The UAE Insurance Authority (IA) yesterday implemented its delayed BOD-49 reforms to the Gulf state's insurance industry, despite last-minute pleas from the sector for the legislation to be amended or even reconsidered altogether.
The "gamechanging" legislation, which introduces a range of requirements for life insurance providers and those advisers who sell their products, has been given a cautious welcome at best from an industry wary it could do more harm than good.
Last week II exclusively reported that a number of key industry figures have called for a last minute changes to the BOD-49 reforms to be amended or risk a mass exodus of advisers from the UAE's insurance sector.
The imminent arrival of BOD-49 has prompted any brokers and advisers in the Dubai and the UAE are currently frantically contacting clients to complete the paperwork on insurance policies before the rule change which, it is estimated, could cost many clients an average of 30% more, with, in some cases premiums rising to more than double the current premium levels.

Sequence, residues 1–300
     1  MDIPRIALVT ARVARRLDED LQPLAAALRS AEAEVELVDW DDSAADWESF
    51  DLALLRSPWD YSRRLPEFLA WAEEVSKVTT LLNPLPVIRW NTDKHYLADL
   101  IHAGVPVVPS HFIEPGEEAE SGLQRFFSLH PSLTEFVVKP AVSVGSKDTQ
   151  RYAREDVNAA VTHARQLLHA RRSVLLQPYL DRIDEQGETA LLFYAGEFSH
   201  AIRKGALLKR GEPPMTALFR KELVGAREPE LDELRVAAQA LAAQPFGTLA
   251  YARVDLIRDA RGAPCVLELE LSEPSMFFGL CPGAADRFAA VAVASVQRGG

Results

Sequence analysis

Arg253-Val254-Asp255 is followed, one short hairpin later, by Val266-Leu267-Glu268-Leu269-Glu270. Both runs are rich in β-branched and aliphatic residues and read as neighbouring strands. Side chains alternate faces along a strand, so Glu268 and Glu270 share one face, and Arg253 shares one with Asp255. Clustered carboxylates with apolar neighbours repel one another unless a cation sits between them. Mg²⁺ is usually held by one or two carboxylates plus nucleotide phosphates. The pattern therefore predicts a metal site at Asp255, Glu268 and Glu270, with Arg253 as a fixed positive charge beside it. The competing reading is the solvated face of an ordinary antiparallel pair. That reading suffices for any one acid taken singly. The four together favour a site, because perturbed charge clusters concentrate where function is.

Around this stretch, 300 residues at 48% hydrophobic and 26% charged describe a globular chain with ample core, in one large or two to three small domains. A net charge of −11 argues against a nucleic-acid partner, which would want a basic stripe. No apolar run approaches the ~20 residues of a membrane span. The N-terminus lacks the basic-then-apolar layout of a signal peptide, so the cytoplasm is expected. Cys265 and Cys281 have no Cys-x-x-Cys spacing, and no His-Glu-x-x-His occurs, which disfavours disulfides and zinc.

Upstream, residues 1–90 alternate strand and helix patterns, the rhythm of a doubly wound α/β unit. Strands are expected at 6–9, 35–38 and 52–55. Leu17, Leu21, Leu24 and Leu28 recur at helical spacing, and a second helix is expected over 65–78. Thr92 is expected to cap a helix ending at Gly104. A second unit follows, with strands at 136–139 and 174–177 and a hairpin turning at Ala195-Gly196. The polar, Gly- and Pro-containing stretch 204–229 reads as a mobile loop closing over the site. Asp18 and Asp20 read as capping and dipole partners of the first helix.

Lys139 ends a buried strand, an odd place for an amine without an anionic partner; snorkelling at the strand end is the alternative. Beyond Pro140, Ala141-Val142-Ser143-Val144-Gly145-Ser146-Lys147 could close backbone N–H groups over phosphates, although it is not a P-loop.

The new rules, known within the industry as Circular 12, relate to life insurance and family takaful insurance will introduce a 4.5% commission cap on the sale of lump sum portfolio bonds or offshore bonds.
Some insurance companies operating in the UAE had privately voiced concerns that the initial six months period was too quick and that a longer period was necessary to effectively implement the IA's decision.
Yesterday Friends Provident International launched two revised BOD-49 compliant products ahead of the new legilsation coming into force. The company's head of sales, Stuart Shilcock, said: "The transitional period will not be without its challenges but, ultimately, the regulations will mean better outcomes and even greater protection for our policyholders."
The reform's implementation comes following a six-month delay due to distruption from the covid-19 outbreak.